Imagine a crew of 8 youngsters playing nutty grooves at breakneck speed on traditional & makeshift percussion, a keyboard player going mad on a battered vintage Casio, and three relentless front persons: two breathtaking, spectacular dancers and a charismatic lead vocalist/MC, belting out songs about survival in the urban maze, unfaithful lovers and voodoo.
Shall we call this "Afro-punk" because of the DIY attitude and the creative use of noise and distortion? Or shall we refer to minimal or trance music? To the sexual energy of kuduro and mapouka? To the connection with any socially-conscious Western musical tradition (from rock to hip hop)? Or shall we simply welcome the advent of one of the most exciting bands around, and enjoy their exhilarating combination of pure energy, dazzling virtuosity and great showmanhip?
Jagwa Music are the leading exponent of the Mchiriku style, which originated twenty years ago in the poor suburbs of Dar es Salaam, when cheap Casio keyboards became available, and drew the attention of bands who were playing Chakacha dance music. What happened next is reminiscent of other, by now familiar stories (like that of Konono No.1): Jagwa Music & their peers were immediately attracted by the Casio's lo-fi sound, adopted it, hooked it to vintage amps and megaphones, and the resulting gritty, edgy, distortion-laden sound was rechristened Mchiriku. This new style has been thriving ever since in Tanzania, although it's been deliberately ignored by the media, as it is associated with uhuni (thuggery) and the city’s low life.
Jagwa Music have a large following around Dar es Salaam: almost everybody knows their songs, which relate to everyday issues. Many of their lines have become proverbial, and you can see quotes from their songs painted as slogans to the sides or backs of the local dala dala bus taxis. The songs often contain advice on how to survive in the city, when you're faced with unemployment, oppressive relatives, AIDS and unfaithful girlfriends or husbands, drugs and alcohol.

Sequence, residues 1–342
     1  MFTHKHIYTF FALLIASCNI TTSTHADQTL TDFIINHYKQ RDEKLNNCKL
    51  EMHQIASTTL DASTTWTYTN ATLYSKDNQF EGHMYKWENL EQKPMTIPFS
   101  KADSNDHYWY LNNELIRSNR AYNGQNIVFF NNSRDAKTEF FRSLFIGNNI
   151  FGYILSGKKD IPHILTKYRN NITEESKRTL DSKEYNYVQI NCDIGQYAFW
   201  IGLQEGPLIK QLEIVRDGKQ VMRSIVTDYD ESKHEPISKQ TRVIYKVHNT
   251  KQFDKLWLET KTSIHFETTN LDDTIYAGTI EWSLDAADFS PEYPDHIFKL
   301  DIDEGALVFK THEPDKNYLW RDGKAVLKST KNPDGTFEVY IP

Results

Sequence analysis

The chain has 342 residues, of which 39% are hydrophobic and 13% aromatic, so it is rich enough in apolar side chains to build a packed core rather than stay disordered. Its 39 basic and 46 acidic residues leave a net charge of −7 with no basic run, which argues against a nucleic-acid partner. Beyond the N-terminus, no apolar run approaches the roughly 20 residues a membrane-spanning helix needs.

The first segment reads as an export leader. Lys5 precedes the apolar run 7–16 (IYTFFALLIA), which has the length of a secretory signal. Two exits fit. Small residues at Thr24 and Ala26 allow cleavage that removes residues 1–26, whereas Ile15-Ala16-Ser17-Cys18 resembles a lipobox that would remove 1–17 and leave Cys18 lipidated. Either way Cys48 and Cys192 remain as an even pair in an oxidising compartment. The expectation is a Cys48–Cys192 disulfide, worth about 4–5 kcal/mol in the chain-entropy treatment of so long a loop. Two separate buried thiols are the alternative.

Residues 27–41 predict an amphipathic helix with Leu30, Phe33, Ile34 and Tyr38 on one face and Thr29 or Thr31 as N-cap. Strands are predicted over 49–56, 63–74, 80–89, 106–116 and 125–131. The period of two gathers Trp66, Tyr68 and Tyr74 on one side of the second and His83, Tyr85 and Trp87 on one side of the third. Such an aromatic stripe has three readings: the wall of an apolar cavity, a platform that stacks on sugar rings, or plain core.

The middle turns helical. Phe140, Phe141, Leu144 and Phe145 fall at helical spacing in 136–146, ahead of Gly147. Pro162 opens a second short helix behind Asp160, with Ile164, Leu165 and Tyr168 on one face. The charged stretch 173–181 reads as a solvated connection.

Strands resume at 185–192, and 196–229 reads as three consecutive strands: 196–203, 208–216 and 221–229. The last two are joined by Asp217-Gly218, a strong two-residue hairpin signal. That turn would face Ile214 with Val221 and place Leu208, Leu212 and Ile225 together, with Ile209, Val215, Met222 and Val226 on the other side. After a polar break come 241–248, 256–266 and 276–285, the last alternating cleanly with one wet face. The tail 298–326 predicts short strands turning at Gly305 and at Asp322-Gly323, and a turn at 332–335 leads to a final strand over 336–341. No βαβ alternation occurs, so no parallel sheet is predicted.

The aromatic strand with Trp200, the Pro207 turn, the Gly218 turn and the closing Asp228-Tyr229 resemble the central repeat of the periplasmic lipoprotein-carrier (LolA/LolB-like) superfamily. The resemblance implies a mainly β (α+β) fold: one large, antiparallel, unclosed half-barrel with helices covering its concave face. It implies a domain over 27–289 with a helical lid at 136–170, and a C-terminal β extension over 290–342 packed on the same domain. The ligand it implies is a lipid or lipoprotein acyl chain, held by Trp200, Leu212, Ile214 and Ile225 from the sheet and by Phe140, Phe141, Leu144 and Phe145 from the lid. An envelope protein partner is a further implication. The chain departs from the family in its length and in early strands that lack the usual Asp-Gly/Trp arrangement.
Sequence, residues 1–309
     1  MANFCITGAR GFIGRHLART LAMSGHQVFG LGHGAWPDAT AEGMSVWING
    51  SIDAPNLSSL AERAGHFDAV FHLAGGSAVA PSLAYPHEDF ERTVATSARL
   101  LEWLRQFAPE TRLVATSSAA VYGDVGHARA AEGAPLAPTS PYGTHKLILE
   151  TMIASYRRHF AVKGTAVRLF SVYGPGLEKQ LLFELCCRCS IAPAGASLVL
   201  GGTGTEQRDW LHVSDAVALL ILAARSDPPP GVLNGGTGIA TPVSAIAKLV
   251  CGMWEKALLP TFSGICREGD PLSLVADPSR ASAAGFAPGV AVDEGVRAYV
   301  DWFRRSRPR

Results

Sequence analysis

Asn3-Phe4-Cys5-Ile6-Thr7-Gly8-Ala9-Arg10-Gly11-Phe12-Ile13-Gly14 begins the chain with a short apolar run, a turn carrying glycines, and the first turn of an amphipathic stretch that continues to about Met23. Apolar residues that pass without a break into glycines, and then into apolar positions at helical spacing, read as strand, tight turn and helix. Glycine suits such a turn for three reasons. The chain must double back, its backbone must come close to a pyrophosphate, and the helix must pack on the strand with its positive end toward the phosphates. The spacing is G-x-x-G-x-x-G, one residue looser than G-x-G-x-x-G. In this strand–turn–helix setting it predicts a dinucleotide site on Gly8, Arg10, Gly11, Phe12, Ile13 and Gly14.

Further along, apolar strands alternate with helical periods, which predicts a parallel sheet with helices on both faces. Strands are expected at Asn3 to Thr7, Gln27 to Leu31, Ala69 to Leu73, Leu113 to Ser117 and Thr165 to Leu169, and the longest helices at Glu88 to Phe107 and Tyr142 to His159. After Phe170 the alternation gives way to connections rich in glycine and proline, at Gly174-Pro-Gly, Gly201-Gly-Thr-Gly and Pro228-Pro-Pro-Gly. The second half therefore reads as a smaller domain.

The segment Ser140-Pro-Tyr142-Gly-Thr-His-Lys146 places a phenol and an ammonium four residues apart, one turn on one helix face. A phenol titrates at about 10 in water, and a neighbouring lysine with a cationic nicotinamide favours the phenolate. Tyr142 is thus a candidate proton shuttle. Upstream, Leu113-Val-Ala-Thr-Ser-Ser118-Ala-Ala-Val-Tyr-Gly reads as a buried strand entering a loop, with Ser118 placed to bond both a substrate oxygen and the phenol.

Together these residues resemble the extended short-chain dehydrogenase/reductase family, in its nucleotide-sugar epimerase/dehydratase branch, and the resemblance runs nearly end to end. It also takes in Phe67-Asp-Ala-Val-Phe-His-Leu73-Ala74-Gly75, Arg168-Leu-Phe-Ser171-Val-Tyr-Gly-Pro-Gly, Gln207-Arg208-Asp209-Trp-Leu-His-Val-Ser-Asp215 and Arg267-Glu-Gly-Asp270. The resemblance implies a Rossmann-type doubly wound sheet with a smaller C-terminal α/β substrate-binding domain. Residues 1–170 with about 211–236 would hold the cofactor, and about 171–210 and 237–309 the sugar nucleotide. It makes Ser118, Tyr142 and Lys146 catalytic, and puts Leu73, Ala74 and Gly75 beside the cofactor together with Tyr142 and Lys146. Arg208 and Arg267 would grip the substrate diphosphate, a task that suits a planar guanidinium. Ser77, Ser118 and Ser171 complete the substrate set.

Jagwa’s members are all living the street life themselves, mostly working in Dar es Salaam's cut-throat private bus-taxi business as dei-waka (unlicensed drivers who jump in when another driver is caught by police, or does not make it to work). Others are manamba, who hustle customers into the buses for a few shillings in return. By mid-day they will have made enough money to keep them going until the next morning, paying for food and some of the other enjoyments they may like. In the afternoon they all meet at their maskani “hangout” under a tree in Mwananyamala close to Jolijo’s, their patron’s little house and restaurant. When they need to rehearse new songs, they convene in Jolijo’s backyard to get it all down. Their performing weekend usually starts on Friday when they suspend the week’s hustle, relax during daytime, and play all-night mchiriku gigs at family celebrations such as weddings around Dar’s suburbs or smaller towns in the vicinity.